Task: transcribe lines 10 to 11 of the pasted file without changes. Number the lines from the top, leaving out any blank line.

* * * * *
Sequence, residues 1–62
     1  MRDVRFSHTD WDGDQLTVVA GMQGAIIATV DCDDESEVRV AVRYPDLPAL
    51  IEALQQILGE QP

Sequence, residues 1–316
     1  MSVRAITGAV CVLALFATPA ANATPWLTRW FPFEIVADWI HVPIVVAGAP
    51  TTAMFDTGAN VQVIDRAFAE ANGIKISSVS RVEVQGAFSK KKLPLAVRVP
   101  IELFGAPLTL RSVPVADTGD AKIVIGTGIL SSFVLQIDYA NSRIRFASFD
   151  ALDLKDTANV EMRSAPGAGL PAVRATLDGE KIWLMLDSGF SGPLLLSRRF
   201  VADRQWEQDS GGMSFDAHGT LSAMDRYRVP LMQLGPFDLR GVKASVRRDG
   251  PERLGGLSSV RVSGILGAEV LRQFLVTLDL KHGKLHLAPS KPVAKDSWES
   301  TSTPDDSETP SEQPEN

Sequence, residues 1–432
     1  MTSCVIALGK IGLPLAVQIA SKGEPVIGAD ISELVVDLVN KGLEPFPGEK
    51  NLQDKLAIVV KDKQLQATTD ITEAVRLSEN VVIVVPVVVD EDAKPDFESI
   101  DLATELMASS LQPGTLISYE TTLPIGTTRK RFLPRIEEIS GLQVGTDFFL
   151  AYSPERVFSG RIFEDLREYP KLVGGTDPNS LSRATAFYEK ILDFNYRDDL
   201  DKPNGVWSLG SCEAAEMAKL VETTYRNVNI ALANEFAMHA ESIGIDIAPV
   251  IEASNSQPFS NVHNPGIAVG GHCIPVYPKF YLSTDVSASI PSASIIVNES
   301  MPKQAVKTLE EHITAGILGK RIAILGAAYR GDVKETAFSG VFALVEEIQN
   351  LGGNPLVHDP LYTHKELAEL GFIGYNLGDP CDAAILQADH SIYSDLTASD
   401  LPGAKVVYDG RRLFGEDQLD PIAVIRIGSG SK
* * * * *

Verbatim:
   251  PERLGGLSSV RVSGILGAEV LRQFLVTLDL KHGKLHLAPS KPVAKDSWES
   301  TSTPDDSETP SEQPEN